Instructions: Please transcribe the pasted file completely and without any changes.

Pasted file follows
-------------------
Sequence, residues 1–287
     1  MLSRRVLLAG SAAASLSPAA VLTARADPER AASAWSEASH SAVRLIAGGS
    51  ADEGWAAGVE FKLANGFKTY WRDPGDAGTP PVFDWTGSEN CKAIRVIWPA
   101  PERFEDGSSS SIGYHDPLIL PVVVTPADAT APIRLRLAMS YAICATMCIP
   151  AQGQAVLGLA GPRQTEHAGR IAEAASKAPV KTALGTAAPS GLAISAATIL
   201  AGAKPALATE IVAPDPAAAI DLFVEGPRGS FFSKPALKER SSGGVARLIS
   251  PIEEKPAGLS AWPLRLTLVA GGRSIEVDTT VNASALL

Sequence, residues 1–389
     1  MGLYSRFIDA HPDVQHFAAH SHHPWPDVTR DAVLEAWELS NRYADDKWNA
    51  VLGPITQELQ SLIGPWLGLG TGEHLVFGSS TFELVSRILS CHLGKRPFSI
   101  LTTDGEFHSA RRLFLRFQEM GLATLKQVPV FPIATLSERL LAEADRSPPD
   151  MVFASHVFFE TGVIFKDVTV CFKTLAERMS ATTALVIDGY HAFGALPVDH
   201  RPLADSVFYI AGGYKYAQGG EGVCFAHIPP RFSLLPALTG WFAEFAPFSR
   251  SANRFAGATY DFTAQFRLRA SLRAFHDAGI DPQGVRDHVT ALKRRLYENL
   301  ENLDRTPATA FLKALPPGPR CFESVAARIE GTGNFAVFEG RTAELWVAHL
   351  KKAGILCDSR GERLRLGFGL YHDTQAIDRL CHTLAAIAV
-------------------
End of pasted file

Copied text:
Sequence, residues 1–287
     1  MLSRRVLLAG SAAASLSPAA VLTARADPER AASAWSEASH SAVRLIAGGS
    51  ADEGWAAGVE FKLANGFKTY WRDPGDAGTP PVFDWTGSEN CKAIRVIWPA
   101  PERFEDGSSS SIGYHDPLIL PVVVTPADAT APIRLRLAMS YAICATMCIP
   151  AQGQAVLGLA GPRQTEHAGR IAEAASKAPV KTALGTAAPS GLAISAATIL
   201  AGAKPALATE IVAPDPAAAI DLFVEGPRGS FFSKPALKER SSGGVARLIS
   251  PIEEKPAGLS AWPLRLTLVA GGRSIEVDTT VNASALL

Sequence, residues 1–389
     1  MGLYSRFIDA HPDVQHFAAH SHHPWPDVTR DAVLEAWELS NRYADDKWNA
    51  VLGPITQELQ SLIGPWLGLG TGEHLVFGSS TFELVSRILS CHLGKRPFSI
   101  LTTDGEFHSA RRLFLRFQEM GLATLKQVPV FPIATLSERL LAEADRSPPD
   151  MVFASHVFFE TGVIFKDVTV CFKTLAERMS ATTALVIDGY HAFGALPVDH
   201  RPLADSVFYI AGGYKYAQGG EGVCFAHIPP RFSLLPALTG WFAEFAPFSR
   251  SANRFAGATY DFTAQFRLRA SLRAFHDAGI DPQGVRDHVT ALKRRLYENL
   301  ENLDRTPATA FLKALPPGPR CFESVAARIE GTGNFAVFEG RTAELWVAHL
   351  KKAGILCDSR GERLRLGFGL YHDTQAIDRL CHTLAAIAV